"And what have we been walking for all night, like a pair of waif Egyptians!" says I. "Just because I was robbed of my purse and all I possessed in that unchancy town of Rotterdam. I will tell you of it now, because I think the worst is over, but we have still a good tramp before us till we get to where my money is, and if you would not buy me a piece of bread, I were like to go fasting."
She looked at me with open eyes. By the light of the new day she was all black and pale for weariness, so that my heart smote me for her. But as for her, she broke out laughing.
"My torture! are we beggars then!" she cried. "You too? O, I could have wished for this same thing! And I am glad to buy your breakfast to you. But it would be pleisand if I would have had to dance to get a meal to you! For I believe they are not very well acquainted with our manner of dancing over here, and might be paying for the curiosity of that sight."
I could have kissed her for that word, not with a lover's mind, but in a heat of admiration. For it always warms a man to see a woman brave.
We got a drink of milk from a country wife but new come to the town, and in a baker's, a piece of excellent, hot, sweet-smelling bread, which we ate upon the road as we went on. That road from Delft to the Hague is just five miles of a fine avenue shaded with trees, a canal on the one hand, on the other excellent pastures of cattle. It was pleasant here indeed.
"And now, Davie," said she, "what will you do with me at all events?"
"It is what we have to speak of," said I, "and the sooner yet the better. I can come by money in Leyden; that will be all well. But the trouble is how to dispose of you until your father come. I thought last night you seemed a little sweir to part from me?"
"It will be more than seeming then," said she.
"You are a very young maid," said I, "and I am but a very young callant. This is a great piece of difficulty. What way are we to manage? Unless indeed, you could pass to be my sister?"
"And what for no?" said she, "if you would let me!"
"I wish you were so, indeed," I cried. "I would be a fine man if I had such a sister. But the rub is that you are Catriona Drummond."
"And now I will be Catriona Balfour," she said. "And who is to ken? They are all strange folk here."
"If you think that it would do," says I. "I own it troubles me. I would like it very ill, if I advised you at all wrong."
"David, I have no friend here but you," she said.
"The mere truth is, I am too young to be your friend," said I. "I am too young to advise you, or you to be advised. I see not what else we are to do, and yet I ought to warn you."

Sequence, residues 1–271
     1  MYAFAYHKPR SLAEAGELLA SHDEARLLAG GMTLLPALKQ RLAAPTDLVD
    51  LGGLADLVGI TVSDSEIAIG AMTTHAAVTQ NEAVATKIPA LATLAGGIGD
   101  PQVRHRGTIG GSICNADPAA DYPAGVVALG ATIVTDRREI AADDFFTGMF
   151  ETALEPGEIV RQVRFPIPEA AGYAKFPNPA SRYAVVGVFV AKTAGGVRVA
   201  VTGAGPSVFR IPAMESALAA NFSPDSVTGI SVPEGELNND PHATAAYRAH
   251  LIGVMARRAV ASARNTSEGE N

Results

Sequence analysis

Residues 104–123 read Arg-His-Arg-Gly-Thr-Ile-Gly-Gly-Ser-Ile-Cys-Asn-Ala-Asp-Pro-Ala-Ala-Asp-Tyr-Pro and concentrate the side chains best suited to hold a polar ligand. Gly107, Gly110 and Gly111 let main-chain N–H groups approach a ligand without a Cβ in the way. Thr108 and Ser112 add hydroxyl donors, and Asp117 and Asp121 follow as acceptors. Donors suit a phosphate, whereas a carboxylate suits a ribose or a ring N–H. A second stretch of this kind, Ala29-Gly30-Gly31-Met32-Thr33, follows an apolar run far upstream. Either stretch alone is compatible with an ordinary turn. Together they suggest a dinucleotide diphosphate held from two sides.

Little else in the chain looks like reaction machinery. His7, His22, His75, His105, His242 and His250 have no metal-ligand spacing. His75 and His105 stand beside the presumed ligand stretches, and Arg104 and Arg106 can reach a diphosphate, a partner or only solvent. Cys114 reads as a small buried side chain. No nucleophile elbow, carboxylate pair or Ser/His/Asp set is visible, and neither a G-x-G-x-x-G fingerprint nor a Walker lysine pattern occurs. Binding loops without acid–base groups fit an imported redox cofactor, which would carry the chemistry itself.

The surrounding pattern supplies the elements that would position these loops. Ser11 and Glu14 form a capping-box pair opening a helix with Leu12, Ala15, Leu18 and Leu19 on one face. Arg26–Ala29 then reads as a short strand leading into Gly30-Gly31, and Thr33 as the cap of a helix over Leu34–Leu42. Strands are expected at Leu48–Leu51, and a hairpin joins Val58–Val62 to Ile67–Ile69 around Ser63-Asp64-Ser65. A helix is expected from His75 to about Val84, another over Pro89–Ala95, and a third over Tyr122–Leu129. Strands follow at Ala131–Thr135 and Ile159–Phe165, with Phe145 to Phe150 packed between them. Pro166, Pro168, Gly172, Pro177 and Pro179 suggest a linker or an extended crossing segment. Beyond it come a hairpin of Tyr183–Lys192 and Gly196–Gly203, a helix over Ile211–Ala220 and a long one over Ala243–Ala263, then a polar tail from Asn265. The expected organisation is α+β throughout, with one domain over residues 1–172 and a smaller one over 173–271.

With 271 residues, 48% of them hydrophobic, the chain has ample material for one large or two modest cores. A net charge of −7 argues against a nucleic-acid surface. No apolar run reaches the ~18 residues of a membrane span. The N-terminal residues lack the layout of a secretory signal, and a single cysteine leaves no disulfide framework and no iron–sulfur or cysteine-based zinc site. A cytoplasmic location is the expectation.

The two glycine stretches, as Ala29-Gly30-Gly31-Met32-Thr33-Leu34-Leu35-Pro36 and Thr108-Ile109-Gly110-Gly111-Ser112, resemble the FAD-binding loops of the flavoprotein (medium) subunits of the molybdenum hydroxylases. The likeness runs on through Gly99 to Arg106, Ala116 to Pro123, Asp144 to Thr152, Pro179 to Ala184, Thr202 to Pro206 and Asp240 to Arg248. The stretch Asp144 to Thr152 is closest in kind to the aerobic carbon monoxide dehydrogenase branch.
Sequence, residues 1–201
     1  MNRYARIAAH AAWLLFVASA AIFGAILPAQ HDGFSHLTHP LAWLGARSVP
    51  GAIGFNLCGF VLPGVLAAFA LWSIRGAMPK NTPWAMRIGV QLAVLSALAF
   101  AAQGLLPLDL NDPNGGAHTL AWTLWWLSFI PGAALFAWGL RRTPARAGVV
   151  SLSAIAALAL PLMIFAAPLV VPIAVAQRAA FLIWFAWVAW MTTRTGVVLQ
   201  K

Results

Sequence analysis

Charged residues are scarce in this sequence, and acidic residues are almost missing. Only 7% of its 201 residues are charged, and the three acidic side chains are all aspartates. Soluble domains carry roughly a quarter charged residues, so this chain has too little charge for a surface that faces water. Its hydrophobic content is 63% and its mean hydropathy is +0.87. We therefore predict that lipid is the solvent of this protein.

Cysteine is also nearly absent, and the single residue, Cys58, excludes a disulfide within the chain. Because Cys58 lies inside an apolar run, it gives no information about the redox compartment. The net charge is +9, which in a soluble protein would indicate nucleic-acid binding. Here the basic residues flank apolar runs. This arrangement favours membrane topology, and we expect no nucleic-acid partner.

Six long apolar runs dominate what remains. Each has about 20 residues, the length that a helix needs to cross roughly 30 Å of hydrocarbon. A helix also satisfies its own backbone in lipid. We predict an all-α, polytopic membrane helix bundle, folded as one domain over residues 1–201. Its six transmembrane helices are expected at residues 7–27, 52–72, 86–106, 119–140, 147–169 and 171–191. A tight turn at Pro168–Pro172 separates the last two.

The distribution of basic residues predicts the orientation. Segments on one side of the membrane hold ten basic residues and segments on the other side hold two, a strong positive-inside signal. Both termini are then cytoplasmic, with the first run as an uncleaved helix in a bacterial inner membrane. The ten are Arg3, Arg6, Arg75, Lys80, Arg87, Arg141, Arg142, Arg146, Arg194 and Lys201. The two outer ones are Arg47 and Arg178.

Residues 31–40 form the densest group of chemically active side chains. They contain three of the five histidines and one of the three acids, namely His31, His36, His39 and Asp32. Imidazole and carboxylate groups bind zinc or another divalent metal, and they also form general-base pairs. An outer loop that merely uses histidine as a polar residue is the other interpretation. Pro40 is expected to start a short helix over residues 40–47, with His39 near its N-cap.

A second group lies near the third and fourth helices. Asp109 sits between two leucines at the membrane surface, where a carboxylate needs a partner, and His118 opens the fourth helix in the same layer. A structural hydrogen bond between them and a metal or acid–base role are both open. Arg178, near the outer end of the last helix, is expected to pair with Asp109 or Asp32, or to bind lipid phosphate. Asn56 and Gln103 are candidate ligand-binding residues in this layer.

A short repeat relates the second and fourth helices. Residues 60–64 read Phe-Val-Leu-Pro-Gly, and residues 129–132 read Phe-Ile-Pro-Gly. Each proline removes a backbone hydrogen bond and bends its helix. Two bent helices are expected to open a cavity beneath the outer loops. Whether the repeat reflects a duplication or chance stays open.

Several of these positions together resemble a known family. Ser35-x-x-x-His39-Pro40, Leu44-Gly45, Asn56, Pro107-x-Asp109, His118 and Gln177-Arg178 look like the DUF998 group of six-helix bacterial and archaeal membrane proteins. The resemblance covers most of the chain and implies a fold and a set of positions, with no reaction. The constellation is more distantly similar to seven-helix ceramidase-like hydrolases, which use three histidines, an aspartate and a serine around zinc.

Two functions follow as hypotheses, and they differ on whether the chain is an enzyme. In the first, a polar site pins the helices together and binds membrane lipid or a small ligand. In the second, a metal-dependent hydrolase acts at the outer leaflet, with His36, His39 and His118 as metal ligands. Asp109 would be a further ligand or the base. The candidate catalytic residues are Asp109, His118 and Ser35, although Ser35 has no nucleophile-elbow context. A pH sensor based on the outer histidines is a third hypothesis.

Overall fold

"I will have no choice left," said she. "My father James More has not used me very well, and it is not the first time, I am cast upon your hands like a sack of barley meal, and have nothing else to think of but your pleasure. If you will have me, good and well. If you will not" - she turned and touched her hand upon my arm - "David, I am afraid," said she.
"No, but I ought to warn you," I began; and then bethought me I was the bearer of the purse, and it would never do to seem too churlish. "Catriona," said I, "don't misunderstand me: I am just trying to do my duty by you, girl! Here am I going alone to this strange city, to be a solitary student there; and here is this chance arisen that you might dwell with me a bit, and be like my sister; you can surely understand this much, my dear, that I would just love to have you?"
"Well, and here I am," said she. "So that's soon settled."
I know I was in duty bounden to have spoke more plain. I know this was a great blot on my character, for which I was lucky that I did not pay more dear. But I minded how easy her delicacy had been startled with a word of kissing her in Barbara's letter; now that she depended on me, how was I to be more bold? Besides, the truth is, I could see no other feasible method to dispose of her. And I daresay inclination pulled me very strong.
A little beyond the Hague she fell very lame and made the rest of the distance heavily enough. Twice she must rest by the wayside, which she did with pretty apologies, calling herself a shame to the Highlands and the race she came of, and nothing but a hindrance to myself. It was her excuse, she said, that she was not much used with walking shod. I would have had her strip off her shoes and stockings and go barefoot. But she pointed out to me that the women of that country, even in the landward roads, appeared to be all shod.
"I must not be disgracing my brother," said she, and was very merry with it all, although her face told tales of her.
There is a garden in that city we were bound to, sanded below with clean sand, the trees meeting overhead, some of them trimmed, some preached, and the whole place beautified with alleys and arbours. Here I left Catriona, and went forward by myself to find my correspondent. There I drew on my credit, and asked to be recommended to some decent, retired lodging. My baggage being not yet arrived, I told him I supposed I should require his caution with the people of the house; and explained that, my sister being come for a while to keep house with me, I should be wanting two chambers. This was all very well; but the trouble was that Mr. Balfour in his letter of recommendation had condescended on a great deal of particulars, and never a word of any sister in the case. I could see my Dutchman was extremely suspicious; and viewing me over the rims of a great pair of spectacles - he was a poor, frail body, and reminded me of an infirm rabbit - he began to question me close.